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Wednesday, July 11, 2012

Tasmanian Ship Builder a World Leader

Liquefied Natural Gas powered cat meets all ship emissions standards
World leading liquefied natural gas (LNG) powered cat
meets all proposed International Maritime emissions standards

How 16 ships create as much pollution as all the cars in the world


Award-winning science writer Fred Pearce – environmental consultant to New Scientist and author of Confessions Of An Eco Sinner – reveals that the super-ships that keep the West in everything from Christmas gifts to computers pump out killer chemicals linked to thousands of deaths because of the filthy fuel they use. 
Bunker fuel is also thick with sulphur. IMO rules allow ships to burn fuel containing up to 4.5 per cent sulphur. That is 4,500 times more than is allowed in car fuel in the European Union. The sulphur comes out of ship funnels as tiny particles, and it is these that get deep into lungs.

Thanks to the IMO’s rules, the largest ships can each emit as much as 5,000 tonnes of sulphur in a year – the same as 50 million typical cars, each emitting an average of 100 grams of sulphur a year.

With an estimated 800 million cars driving around the planet, that means 16 super-ships can emit as much sulphur as the world fleet of cars.

Gas powered cat - Finishing touches on Incat vessel

Annah Yard, ABC, 7pm TV News TAS

The Tasmanian ship builder Incat is nearing the completion of what it claims is the world's first high speed car ferry powered by liquefied natural gas [LNG]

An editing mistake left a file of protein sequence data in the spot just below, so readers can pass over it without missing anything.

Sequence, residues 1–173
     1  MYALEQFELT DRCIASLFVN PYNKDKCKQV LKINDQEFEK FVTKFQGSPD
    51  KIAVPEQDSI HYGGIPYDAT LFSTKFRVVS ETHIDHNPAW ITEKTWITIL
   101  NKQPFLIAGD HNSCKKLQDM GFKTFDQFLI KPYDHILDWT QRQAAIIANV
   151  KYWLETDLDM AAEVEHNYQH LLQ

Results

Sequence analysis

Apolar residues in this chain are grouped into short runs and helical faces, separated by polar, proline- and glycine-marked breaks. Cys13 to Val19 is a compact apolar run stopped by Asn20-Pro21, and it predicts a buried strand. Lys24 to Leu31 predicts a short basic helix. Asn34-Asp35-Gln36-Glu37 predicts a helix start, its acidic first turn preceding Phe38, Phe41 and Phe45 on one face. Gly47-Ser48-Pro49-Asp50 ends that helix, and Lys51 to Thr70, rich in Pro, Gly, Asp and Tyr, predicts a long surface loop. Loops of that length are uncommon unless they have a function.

Over 200 people have been working on "Hull 69" for the past two years.

The 99-metre catamaran has been bought by an Argentinian company.

The $100 million vessel is capable of transporting 1,000 passengers and 200 cars.

Incat's Craig Clifford says it is the seventh ferry the company has sold to South America.

"The customer wants to make this his flagship so no expense has been spared to make this the best high-speed vessel in the world," he said.

Baltic LNG bunkering to set global benchmark

Author: Mike Corkhill who is a technical journalist and consultant specialising in oil, gas and chemical transport, including tanker shipping and chemical logistics. A qualified Naval Architect, he has written books on LNG, LPG, chemical and product tankers and is currently the Editor of both LNG World Shipping and LPG World Shipping.

The agreement in late June by seven Baltic ports to promote the development of an [liquefied natural gas] LNG bunkering infrastructure in the region marks a further important step in ensuring a future global role for natural gas as a clean-burning marine fuel.

The combination of liquefied natural gas (LNG) bunkering and the burning of natural gas in ship engines has been put forward as one of three possible ways of complying with the International Maritime Organization’s (IMO) tightening regime governing the control of harmful pollutants in ship exhaust emissions. The other two options are the continued use of heavy fuel oil (HFO) in tandem with exhaust gas scrubbers and the burning of low-sulphur marine gas oil (MGO)/marine diesel oil (MDO) in ship propulsion systems.

The shipping industry acknowledges that the LNG option will be chosen by many ship owners, but the extent of this take-up remains the big question. Although the burning of natural gas in marine engines meets all existing and proposed emissions standards, the provision of LNG bunkering infrastructure in ports and special shipboard fuelling systems poses logistics and cost challenges.

See the related post Road Freight Transport Costs

This includes a discussion on measures in Australia to build a liquefied natural gas (LNG) fueling network for road transport - cutting emissions and fuel costs for road freight and increasing fuel security as Australian reliance on imported oil is set to increase.